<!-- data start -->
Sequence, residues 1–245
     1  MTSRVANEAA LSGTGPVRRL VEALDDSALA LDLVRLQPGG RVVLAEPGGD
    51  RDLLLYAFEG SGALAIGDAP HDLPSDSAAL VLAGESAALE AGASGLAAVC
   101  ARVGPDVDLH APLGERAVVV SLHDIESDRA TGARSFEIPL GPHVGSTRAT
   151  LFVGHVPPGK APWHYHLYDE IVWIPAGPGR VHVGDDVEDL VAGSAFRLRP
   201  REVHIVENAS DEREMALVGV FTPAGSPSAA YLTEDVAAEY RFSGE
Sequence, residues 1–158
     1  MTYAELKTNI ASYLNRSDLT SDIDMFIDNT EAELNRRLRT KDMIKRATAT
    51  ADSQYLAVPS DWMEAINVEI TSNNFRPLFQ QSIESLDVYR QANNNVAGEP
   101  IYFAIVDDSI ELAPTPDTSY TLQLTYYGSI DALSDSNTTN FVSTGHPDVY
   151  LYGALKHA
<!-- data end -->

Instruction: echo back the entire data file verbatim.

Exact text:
Sequence, residues 1–245
     1  MTSRVANEAA LSGTGPVRRL VEALDDSALA LDLVRLQPGG RVVLAEPGGD
    51  RDLLLYAFEG SGALAIGDAP HDLPSDSAAL VLAGESAALE AGASGLAAVC
   101  ARVGPDVDLH APLGERAVVV SLHDIESDRA TGARSFEIPL GPHVGSTRAT
   151  LFVGHVPPGK APWHYHLYDE IVWIPAGPGR VHVGDDVEDL VAGSAFRLRP
   201  REVHIVENAS DEREMALVGV FTPAGSPSAA YLTEDVAAEY RFSGE
Sequence, residues 1–158
     1  MTYAELKTNI ASYLNRSDLT SDIDMFIDNT EAELNRRLRT KDMIKRATAT
    51  ADSQYLAVPS DWMEAINVEI TSNNFRPLFQ QSIESLDVYR QANNNVAGEP
   101  IYFAIVDDSI ELAPTPDTSY TLQLTYYGSI DALSDSNTTN FVSTGHPDVY
   151  LYGALKHA